Rubber Duck Sessions

What’s standing in your way? Let’s talk about it.

We’ve all been there: frustrated, uncertain, struggling with the sense that you really ought to know the answer to this one. From debugging nightmares, to tough architecture decisions, to deciding what’s the next step to level up as a developer… there’s one thing that has always helped me when I’ve been at an impasse: a conversation with a trusted peer who’s been around the block a few more times than I.

Hi, I’m Avdi. I’m not a real duck, but I am a real programmer. I’ve been at it for twenty years, and along the way I’ve helped a lot of other developers become more effective at what they do. Book a consultation with me, and get un-stuck.

I have, at various points, worked for the same company as Avdi, engaged him for remote pair-programming sessions after that because I missed his enthusiasm and insight, bought copies of “Exceptional Ruby“ and “Confident Code” for all the junior developers on a team because that seemed the quickest way to bring everybody up to speed and give them a common idiom, and had a prototype rubber duck session earlier this year. When it has been necessary to reignite enthusiasm or provide a lateral insight into an intractable problem, Avdi has at more than one point proven invaluable.

Brilliant. Two examples, six years apart, of things I would not have thought of but were evidently true once Avdi pointed them out were that Cucumber need not be restricted to integration tests but could usefully build unit tests where the SUT has sufficiently complex logic that expressing the behaviour in words as well as code would very likely result in a clearer understanding and therefore a clearer implementation, and that “marketing“, while not an obvious example of the Pragmatic Programmers’ “learn one new language a year”, was potentially the most important of all.

Sean Miller

I was really struggling with the Big Question of being a super-senior developer: Build a business of my own? Stick with my job? Become a consultant? Find a different job or role? I started to chase all of these, and so I made progress on none of them. And I was getting increasingly frustrated about it.

Working with Avdi helped guide my thinking. In a short conversation, he was not only able to help me find the confidence and clarity I needed, but was able to talk about each of the different possibilities in enough detail that, even after my personal situation changed, it was perfectly obvious which new path I should take.

More than anything else, Avdi helped me understand what I'd be best at and what would make me happiest, and which directions would likely make me unhappy. That's knowledge I'll be able to fall back on, no matter what comes next.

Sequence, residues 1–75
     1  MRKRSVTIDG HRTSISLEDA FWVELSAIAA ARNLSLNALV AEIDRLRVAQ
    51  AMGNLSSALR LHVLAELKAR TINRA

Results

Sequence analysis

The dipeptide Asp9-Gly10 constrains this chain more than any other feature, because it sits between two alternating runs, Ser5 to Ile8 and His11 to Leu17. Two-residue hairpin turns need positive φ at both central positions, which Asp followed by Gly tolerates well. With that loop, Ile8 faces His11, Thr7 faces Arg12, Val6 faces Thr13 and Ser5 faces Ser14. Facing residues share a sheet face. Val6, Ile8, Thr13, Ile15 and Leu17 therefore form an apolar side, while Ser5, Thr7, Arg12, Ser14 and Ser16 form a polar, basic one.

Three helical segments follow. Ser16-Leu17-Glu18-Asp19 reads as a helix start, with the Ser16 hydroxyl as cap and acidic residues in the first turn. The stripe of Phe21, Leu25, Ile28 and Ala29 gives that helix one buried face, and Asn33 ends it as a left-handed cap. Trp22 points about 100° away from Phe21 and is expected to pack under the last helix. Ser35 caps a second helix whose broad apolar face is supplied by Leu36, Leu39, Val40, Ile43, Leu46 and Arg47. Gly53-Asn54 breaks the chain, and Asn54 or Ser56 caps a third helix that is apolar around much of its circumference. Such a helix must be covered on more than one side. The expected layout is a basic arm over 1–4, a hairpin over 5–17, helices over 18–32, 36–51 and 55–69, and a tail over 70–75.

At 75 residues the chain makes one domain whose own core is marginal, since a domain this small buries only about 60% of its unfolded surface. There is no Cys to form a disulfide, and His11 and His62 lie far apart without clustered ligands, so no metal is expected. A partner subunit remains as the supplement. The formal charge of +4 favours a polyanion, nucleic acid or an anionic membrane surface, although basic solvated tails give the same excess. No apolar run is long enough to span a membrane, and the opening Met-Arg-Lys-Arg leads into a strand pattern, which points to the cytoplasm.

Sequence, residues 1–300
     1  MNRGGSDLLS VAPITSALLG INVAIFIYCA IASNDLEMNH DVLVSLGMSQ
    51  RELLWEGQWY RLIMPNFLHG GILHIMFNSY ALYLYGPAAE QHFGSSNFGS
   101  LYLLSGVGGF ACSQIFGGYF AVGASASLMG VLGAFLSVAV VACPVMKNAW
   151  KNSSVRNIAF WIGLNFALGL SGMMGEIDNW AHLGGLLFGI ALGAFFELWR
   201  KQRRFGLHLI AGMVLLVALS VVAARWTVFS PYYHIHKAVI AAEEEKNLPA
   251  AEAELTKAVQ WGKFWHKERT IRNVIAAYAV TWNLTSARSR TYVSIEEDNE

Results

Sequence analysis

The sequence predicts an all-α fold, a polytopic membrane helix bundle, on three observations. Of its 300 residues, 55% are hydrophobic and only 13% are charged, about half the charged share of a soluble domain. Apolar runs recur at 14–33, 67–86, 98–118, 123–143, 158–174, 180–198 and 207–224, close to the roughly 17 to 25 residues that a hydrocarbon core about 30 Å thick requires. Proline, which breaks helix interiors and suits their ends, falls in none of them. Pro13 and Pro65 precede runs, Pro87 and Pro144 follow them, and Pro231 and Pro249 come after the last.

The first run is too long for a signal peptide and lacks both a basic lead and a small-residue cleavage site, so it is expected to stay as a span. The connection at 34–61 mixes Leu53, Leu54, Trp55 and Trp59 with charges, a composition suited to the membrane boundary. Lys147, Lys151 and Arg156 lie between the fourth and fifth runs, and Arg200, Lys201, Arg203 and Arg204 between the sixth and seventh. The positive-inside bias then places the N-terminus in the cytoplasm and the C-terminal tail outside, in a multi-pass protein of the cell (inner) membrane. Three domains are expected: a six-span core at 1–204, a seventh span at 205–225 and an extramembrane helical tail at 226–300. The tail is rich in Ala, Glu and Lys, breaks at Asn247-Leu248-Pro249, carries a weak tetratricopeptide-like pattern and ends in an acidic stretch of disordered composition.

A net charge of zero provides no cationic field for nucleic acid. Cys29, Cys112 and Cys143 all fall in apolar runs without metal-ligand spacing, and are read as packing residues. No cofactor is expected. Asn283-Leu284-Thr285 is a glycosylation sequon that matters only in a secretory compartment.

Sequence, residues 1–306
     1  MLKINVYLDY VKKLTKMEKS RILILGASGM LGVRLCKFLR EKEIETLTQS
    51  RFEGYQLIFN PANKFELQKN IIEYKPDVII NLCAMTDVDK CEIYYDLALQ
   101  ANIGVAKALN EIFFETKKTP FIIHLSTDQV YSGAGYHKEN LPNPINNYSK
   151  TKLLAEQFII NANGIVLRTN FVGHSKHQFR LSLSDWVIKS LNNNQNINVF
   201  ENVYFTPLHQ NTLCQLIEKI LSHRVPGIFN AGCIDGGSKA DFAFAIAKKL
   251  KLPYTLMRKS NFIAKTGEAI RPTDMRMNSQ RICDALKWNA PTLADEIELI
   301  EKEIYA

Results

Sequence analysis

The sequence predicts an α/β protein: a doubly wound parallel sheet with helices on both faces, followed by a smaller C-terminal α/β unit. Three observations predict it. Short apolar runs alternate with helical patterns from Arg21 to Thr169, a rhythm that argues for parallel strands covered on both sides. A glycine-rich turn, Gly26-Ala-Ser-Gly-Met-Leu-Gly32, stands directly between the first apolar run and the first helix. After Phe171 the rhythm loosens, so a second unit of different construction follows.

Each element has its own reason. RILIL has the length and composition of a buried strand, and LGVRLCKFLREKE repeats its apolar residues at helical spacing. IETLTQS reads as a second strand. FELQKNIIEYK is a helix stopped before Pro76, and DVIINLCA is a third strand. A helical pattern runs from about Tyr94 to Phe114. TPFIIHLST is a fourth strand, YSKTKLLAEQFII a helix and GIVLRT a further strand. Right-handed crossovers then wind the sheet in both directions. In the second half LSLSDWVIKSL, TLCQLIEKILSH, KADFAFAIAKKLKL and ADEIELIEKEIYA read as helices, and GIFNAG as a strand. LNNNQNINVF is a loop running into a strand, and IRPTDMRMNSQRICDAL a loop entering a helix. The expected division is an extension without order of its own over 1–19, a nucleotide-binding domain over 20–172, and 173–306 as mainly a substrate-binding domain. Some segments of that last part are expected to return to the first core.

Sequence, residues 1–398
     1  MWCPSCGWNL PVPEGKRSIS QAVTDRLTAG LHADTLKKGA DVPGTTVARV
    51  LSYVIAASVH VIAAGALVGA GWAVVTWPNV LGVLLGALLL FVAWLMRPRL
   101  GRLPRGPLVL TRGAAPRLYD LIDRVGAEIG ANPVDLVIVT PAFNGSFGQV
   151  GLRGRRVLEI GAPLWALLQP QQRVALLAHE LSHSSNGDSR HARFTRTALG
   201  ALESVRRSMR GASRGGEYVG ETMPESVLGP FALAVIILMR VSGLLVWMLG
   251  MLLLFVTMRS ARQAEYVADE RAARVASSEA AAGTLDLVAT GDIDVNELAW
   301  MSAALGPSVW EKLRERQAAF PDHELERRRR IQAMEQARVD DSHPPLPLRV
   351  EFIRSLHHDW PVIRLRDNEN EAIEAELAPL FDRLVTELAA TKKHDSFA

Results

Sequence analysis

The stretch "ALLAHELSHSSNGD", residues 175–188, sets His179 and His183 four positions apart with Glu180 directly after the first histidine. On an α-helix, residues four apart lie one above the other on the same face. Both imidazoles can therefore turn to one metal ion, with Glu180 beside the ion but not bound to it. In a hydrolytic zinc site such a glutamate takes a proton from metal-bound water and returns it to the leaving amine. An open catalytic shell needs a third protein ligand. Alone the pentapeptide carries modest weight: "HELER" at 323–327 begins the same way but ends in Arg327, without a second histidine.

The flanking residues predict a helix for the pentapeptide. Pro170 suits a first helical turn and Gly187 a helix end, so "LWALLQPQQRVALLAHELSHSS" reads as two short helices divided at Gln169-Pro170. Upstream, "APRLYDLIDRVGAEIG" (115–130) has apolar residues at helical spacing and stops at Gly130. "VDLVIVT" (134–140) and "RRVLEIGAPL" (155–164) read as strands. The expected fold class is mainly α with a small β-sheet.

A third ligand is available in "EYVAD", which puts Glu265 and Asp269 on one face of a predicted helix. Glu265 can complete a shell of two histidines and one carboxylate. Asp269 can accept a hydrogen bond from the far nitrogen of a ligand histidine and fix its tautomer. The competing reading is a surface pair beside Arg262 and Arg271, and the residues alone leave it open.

Justin Weiss

I just wanted to chat about the future, the industry and very complex high-level stuff. He spent a lot of time listening because there was quite a bit of context to baseline. Avdi is a great listener. He's a "reference spec" listener to me.

Chris Dillon

We were replacing some MVP logic involving state machines, guards and callbacks at the time. Avdi asked poignant questions, shared his wisdom and helped to vet the direction I was taking. Years later, the solution has held up well and been easy to maintain and build upon.

While we only had one pair session, I reflect on it from time to time and believe that my time with Avdi did convince me to think more about what the patterns we chose give back to us over time.

Kenny Johnston

its been a few years since I paired with Avdi, but I still draw from that experience to this day. I was hoping to get some clear direction on schema and architecture and get me going down a decent path with my project. Avdi was very helpful and we broke the problem domain down and created an approach to solve it.

Pairing with Avdi was a bit intimidating at first, but that quickly turned into excitement. I never felt like I was 'inferior' or the lesser 'half' of the pair (even if that was definitely the case). He always went at my pace, and stopped to explain each step along the way. And more importantly the reasoning behind the decision.

I think I went into our first session with a bit of an inferiority complex, and when we got into a a bit of a corner, Avdi actually had to look up something in the rails documentation. I thought "wow" even someone as "ruby famous" as Avdi has to look up stuff! Just like me! Reflecting back, of course he does not have the entire Ruby and Rails API memorized, but I no longer feel inferior when I have to reference documentation.

Jason Fraley

Rubber ducks facing one another

Do you:

  • Need a second perspective on an architectural decision?
  • Want suggestions (or moral support) for refactoring a big ball of mud?
  • Want someone to help you hone a conference talk?
  • Desire to get better at knowing what to test, and how?
  • Want a third-party code review for yourself or your whole team?
  • Want help deciding what to study next?
  • Crave feedback on an API design?
  • Want some company for a gnarly debugging session?
  • Want to talk about making the transition from being “just a coder” to someone who teaches, mentors, and disseminates ideas?

I’ve helped programmers with all of these things and more, and I can probably help you too.

Book a Rubber Duck Session

  • What would you like to consult with Avdi about?


What if I'm not satisfied?
Then I’ll give you a full refund.
What if I can't make it, or there's an interruption?
Life happens. I’ll make sure you’re re-booked to get the balance of your time.
Success message!
Warning message!
Error message!